The backwards telecom industry is trapped in a gridlock ruled by bankruptcy lawyers, bullheaded shareholders, government bureaucrats, and greedy executives, shutting down the process of good old Darwinian herd-thinning (see Bankruptcy Boondoggle). It's time to take some action. We need to get things moving.
So, let’s get started. This project demands swift autocratic decision-making. We've decided to assume the role "Telecom God" or TG for short. TG has supreme authority over the industry, forcing companies and agencies to take action by royal decree. By declaring who survives and who does not, and who merges with whom, TG will map us back to more profits. (TG refers to Himself in the third person, as Gods are wont to do.)
First: Planning. Even the Gods need help, so TG has consulted “Setting a Course for Convergence: The Incumbents’ Wireline Strategies,” a cracking report written by the mortal Geoff Bennett, Heavy Reading Chief Technologist. (Heavy Reading is Light Reading Inc.’s paid research division.)
Bennett’s report, based on interviews with dozens of carriers as well as the CTOs of the six major incumbent equipment suppliers, comes to a sweeping conclusion: Telecom networks are quickly merging into a new infrastructure based on IP and MPLS. But many of the incumbents are ill-equipped for this transition, and there is a lot of product overlap.
Makes sense, eh? Well, you'd be surprised at how ill-prepared some of these companies are. Take a look at how fast Ciena Corp. (Nasdaq: CIEN) got stuck in Long-Haul Hell, without a viable outlet to multiservice networks. And Nortel Networks Corp. (NYSE/Toronto: NT), after nearly a decade of efforts, has still made only modest progress on its IP routing pilgrimage.
TG used Bennett's reports to align strengths and weaknesses for the coming convergence. Naturally, it made sense to take the companies as ranked from strongest to weakest, and pair the strong companies with the weak.
To begin, Cisco Systems Inc. (Nasdaq: CSCO) is ranked as the strongest and Lucent Technologies Inc. (NYSE: LU) the weakest in Bennett's report. Conveniently enough, Cisco ranks very highly in packet-based technologies and has a strength in enterprise accounts. Lucent, in contrast, has a top-notch carrier customer base and strengths in the metro and core optical, while its packet position is weak.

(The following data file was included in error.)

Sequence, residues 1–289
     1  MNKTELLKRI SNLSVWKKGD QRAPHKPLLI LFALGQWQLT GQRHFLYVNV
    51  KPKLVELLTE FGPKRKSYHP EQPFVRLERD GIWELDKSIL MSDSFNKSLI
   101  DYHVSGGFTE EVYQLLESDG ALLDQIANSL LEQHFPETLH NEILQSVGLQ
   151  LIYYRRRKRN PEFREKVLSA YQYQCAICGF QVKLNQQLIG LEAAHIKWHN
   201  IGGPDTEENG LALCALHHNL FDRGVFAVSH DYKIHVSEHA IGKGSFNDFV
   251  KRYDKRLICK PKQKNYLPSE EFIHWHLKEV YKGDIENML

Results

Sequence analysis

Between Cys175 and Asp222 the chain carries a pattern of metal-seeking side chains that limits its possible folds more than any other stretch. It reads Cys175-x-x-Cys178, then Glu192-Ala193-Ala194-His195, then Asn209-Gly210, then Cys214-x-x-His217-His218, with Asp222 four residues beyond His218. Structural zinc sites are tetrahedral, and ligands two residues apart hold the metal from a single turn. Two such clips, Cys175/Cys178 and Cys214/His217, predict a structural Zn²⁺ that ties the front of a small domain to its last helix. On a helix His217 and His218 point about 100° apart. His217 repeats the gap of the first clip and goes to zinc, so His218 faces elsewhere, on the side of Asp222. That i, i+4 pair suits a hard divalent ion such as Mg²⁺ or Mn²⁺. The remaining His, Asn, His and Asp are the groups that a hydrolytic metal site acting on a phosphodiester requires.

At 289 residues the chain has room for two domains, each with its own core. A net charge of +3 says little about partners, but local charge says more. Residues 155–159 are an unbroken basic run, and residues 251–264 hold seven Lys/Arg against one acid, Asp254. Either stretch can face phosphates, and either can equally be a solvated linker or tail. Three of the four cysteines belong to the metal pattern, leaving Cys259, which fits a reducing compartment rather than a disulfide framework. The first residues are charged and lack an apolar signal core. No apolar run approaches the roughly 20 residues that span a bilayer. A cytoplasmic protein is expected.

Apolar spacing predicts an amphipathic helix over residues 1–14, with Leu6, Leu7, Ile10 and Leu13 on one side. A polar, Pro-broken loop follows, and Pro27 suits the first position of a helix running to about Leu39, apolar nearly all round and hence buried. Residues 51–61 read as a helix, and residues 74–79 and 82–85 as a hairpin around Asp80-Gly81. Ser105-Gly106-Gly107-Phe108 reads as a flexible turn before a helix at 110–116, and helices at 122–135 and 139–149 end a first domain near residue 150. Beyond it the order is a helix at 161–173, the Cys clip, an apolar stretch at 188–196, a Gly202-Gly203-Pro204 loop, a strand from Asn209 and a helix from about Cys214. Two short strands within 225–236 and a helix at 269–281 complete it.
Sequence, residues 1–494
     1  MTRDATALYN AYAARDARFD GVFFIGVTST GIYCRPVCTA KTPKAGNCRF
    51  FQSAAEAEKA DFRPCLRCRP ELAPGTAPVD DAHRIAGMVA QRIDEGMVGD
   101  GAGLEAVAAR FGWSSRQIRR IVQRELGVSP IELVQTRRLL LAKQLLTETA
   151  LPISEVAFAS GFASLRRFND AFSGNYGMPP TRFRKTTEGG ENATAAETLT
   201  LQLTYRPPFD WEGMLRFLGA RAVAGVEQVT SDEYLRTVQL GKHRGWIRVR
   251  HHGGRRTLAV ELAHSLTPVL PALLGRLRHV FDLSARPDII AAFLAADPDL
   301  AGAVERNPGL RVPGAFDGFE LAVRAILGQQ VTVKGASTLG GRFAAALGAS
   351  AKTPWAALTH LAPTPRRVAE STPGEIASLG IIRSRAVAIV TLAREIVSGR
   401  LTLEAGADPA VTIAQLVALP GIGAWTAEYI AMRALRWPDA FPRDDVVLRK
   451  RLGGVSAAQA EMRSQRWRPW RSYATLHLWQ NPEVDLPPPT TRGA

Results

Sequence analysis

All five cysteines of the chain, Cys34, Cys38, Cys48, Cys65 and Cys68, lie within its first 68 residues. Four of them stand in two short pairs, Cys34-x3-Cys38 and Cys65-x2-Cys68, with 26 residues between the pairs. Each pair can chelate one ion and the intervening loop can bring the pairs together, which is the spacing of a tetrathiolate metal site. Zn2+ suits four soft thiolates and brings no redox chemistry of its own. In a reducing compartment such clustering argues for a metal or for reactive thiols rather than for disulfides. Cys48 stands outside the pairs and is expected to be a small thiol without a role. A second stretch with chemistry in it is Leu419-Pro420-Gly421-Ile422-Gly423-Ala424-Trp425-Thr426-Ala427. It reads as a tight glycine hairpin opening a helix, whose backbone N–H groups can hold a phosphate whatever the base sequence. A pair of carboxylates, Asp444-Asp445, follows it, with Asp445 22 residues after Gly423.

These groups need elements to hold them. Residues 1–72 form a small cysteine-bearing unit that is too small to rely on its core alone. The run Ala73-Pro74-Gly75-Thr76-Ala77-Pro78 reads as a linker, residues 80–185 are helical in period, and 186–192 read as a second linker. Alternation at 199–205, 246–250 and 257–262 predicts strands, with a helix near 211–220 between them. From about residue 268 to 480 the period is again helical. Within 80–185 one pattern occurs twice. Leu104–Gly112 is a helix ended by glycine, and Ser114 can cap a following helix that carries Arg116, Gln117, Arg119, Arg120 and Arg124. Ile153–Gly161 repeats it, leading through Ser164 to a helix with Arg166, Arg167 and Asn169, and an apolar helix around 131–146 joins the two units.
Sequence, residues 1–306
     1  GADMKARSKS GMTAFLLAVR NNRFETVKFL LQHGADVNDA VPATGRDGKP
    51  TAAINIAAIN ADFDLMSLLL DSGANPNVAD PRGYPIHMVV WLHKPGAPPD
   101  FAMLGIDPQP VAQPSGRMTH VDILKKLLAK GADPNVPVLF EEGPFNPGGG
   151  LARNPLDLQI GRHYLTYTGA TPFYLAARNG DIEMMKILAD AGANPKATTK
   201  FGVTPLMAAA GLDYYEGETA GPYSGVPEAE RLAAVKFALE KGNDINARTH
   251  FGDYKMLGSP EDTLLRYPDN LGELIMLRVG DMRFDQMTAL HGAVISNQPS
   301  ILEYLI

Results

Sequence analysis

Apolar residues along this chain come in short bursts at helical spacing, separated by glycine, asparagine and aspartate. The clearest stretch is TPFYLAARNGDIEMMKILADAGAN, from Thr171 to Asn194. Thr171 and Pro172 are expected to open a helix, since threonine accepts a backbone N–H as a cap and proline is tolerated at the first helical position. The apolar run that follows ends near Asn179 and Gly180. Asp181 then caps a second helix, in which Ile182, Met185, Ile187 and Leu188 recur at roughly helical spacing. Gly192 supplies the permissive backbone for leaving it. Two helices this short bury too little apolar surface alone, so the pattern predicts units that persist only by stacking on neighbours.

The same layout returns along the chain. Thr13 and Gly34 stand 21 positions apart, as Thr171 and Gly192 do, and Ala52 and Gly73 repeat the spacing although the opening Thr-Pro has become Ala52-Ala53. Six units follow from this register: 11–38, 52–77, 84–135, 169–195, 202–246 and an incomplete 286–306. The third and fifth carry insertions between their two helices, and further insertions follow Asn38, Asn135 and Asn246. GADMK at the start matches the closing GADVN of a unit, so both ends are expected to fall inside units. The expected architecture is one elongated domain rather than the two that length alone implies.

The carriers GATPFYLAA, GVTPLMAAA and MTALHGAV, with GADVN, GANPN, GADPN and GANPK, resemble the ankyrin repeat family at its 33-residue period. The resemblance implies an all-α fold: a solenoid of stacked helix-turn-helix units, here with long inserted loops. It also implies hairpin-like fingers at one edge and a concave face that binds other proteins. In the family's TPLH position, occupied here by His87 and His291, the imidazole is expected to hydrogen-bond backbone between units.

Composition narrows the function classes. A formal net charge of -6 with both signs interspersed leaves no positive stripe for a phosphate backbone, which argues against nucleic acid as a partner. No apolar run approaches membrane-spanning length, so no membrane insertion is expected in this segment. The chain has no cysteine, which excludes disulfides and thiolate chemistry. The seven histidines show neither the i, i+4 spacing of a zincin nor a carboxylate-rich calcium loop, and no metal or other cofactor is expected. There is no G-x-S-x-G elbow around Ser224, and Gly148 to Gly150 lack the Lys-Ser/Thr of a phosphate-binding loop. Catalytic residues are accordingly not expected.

TG notes that the stock market had valued Cisco shares very highly (making good acquisition currency), giving it a market value of $146 billion (!) and it has nearly $10 billion in cash and short-term investments. Lucent, in contrast, was trading at a mere $3 and has a paltry market cap of $13 billion. Cisco could buy Lucent for a reasonable price, using a mix of stock and cash, and create a company with complementary product lines.
Hence, our new industry superpower: Cisclu.
TG says it is Good. This deal looks dandy because Cisco could use some of its cash to help eliminate Lucent’s $5 billion debt, reducing interest payments and increasing cash flow. Lucent’s $1 billion per year in pension costs would be a headache, but we’re suspecting that the R&D value Cisco would receive with Bell Labs could make up for this because the R&D budgets could be combined.
Okay, what about the others? The “Middle Four” we’ll call them. They consist of (in Bennett's ranking): Nortel, Alcatel SA (NYSE: ALA; Paris: CGEP:PA), Marconi Corp. plc (Nasdaq: MRCIY; London: MONI), and Siemens AG (NYSE: SI; Frankfurt: SIE). TG has gone ahead and paired them off.
Nortel, the next strongest company, has strengths in ATM, Sonet/SDH, and even a bit of enterprise business. They get Siemens’s ICN business. For a psalm. Folks forget that Siemens AG is a diversified engineering company that has plenty of other businesses and doesn’t really need to continue mucking around in telecom. Let there be Normens!
That leaves Alcatel and Marconi. Just for chuckles, TG will pair off the English with the French. That creates the mellifluous Alcatoni.
In this new environment we have Cisco-Lucent (Cisclu), Nortel-Siemens ICN (Normens), and Alcatel-Marconi (Alcatoni). Clearly, The Cisclu combo looks to be the Monster of the Mix.
What about all those other companies? You’ve got fairly large incumbent challengers like Ciena, Juniper Networks Inc. (Nasdaq: JNPR), and Tellabs Inc. (Nasdaq: TLAB; Frankfurt: BTLA). TG has decided to use them to beef up positions against the Cisclu Behemoth. Normens looks weak in routing and needs to compete on the packet front with Cisclu, so they get Juniper. Alcatoni could use some more switching products and revenue in North America – so we'll toss them Tellabs and Ciena, because they need to beef up the revenue picture.
And the remaining small fry? All those startups left over from the IPO boom that are just sitting on cash, doing not much of anything? Tossing them to the Big Boys would disburse the cash to the remaining “Big Three,” who could all use it.
Over time, TG reserves the right of further consolidation to combat the slouching Cisclu Beast. The newly formed Normens and Alcatoni may merge, forming Normenscatoni – Bibbity-bobbity-boo!
There now, don’t you feel better about things? If we would all just get there faster, we’d be well on our way to a speedy recovery. This plan would allow the remaining companies, which would then have fewer competitors, to stabilize pricing and make some money.
But yes, there's one big problem left. Still left to fix is the carrier space, the prospects of which give TG a headache, because it also involves not just mergers, but the question of regulation.
TG has weighed eliminating the Federal Communications Commission (FCC) to start with, but that's a large task and may necessitate a deal with the Antichrist – a job for another week. TG is going to rest now.
— R. Scott Raynovich, US Editor, Light Reading